Reminiscence of a journey to the Land of Cedars – Lebanon (Part 3 of 7)

Tyre is a city on the Mediterranean Coast, about 80 km to the south of Beirut. Like Baalbek, it is an ancient Phoenician City. It is believed to be the birthplace of Europa and Dido. In the 6th century BCE, King Nebuchadnezzar II of Babylon, drawn by the affluence of the city, laid siege to Tyre for thirteen years. In 332 BCE, a wrathful Alexander the Great laid siege to Tyre for seven months; after which the walls were torn down, the people massacred and the city destroyed. Some of the ruins of the ancient glory of Tyre can be seen in the Triumphal Arch, which is the most preserved of the ruins and the Great Hippodrome, built for chariot racing. Legend says that the purple dye was first produced here.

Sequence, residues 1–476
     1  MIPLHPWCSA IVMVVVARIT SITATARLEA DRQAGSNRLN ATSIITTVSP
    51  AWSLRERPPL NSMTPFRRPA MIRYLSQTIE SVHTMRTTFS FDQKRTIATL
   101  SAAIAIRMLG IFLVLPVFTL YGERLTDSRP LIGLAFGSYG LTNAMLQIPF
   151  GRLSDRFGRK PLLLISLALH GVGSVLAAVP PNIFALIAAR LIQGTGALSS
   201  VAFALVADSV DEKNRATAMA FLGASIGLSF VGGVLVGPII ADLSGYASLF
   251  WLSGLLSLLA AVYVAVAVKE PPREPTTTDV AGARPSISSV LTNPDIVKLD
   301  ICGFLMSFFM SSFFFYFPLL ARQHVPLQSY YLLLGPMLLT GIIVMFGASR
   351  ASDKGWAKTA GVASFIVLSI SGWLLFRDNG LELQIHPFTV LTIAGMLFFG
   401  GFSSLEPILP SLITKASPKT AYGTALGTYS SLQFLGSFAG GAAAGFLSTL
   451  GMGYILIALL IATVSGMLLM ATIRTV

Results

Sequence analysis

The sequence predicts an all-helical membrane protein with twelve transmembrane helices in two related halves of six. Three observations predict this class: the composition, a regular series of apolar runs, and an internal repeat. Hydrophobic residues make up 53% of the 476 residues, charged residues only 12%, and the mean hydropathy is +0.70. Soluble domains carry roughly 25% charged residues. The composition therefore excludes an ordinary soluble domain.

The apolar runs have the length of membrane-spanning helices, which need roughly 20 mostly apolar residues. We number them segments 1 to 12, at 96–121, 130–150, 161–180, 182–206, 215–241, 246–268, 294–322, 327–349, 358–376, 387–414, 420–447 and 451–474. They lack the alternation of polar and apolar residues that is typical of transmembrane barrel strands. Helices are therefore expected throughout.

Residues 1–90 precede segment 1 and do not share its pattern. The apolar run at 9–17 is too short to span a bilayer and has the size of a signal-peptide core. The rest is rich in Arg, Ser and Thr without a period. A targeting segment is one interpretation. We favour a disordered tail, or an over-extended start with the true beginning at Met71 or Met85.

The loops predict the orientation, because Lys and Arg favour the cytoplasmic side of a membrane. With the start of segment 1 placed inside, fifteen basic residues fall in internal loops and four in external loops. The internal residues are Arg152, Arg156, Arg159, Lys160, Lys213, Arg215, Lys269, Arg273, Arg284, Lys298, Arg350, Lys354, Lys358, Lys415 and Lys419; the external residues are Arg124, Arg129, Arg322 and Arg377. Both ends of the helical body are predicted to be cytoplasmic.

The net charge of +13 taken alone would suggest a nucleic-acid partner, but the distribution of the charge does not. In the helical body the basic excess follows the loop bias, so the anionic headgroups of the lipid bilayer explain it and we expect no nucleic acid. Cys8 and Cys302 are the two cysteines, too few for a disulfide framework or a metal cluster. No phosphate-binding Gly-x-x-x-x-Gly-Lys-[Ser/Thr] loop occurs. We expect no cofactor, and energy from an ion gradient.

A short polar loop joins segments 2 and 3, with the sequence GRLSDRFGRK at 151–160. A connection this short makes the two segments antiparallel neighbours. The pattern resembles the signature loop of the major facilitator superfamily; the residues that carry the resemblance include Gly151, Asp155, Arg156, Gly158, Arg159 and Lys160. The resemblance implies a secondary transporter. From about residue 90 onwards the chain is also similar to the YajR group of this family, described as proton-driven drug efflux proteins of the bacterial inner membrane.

Great Hippodrome
Great Hippodrome
Obelisk at the centre of the Great Hippodrome
Great Hippodrome
Great Hippodrome
Great Hippodrome
Great Hippodrome
The Triumphal Arch
Sarcophagus of Al-Bass cemetery
Sarcophagus of Al-Bass cemetery
Inscription on sarcophagus
Inscription on sarcophagus
More ruins from Tyre
The Triumphal Arch
Sarcophagus of Al-Bass cemetery
Sarcophagi of Al-Bass cemetery
Sarcophagi of Al-Bass cemetery
Sarcophagus of Al-Bass cemetery

Below is the tomb believed to be of King Hiram of Tyre, which is a few kilometers away from the ruins and very close to the Israeli border.

King Hiram’s tomb
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